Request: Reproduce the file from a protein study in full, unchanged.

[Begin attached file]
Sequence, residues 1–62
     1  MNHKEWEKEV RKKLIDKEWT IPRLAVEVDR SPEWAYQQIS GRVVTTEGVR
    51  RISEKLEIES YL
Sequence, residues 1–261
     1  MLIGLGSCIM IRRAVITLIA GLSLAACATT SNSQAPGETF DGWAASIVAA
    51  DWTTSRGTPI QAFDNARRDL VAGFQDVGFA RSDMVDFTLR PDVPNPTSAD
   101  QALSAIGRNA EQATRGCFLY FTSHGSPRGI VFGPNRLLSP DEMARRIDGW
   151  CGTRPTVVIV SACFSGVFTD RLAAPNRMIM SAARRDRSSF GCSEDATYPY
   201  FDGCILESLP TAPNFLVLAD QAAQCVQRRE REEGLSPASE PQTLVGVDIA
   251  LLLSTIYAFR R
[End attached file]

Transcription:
Sequence, residues 1–62
     1  MNHKEWEKEV RKKLIDKEWT IPRLAVEVDR SPEWAYQQIS GRVVTTEGVR
    51  RISEKLEIES YL
Sequence, residues 1–261
     1  MLIGLGSCIM IRRAVITLIA GLSLAACATT SNSQAPGETF DGWAASIVAA
    51  DWTTSRGTPI QAFDNARRDL VAGFQDVGFA RSDMVDFTLR PDVPNPTSAD
   101  QALSAIGRNA EQATRGCFLY FTSHGSPRGI VFGPNRLLSP DEMARRIDGW
   151  CGTRPTVVIV SACFSGVFTD RLAAPNRMIM SAARRDRSSF GCSEDATYPY
   201  FDGCILESLP TAPNFLVLAD QAAQCVQRRE REEGLSPASE PQTLVGVDIA
   251  LLLSTIYAFR R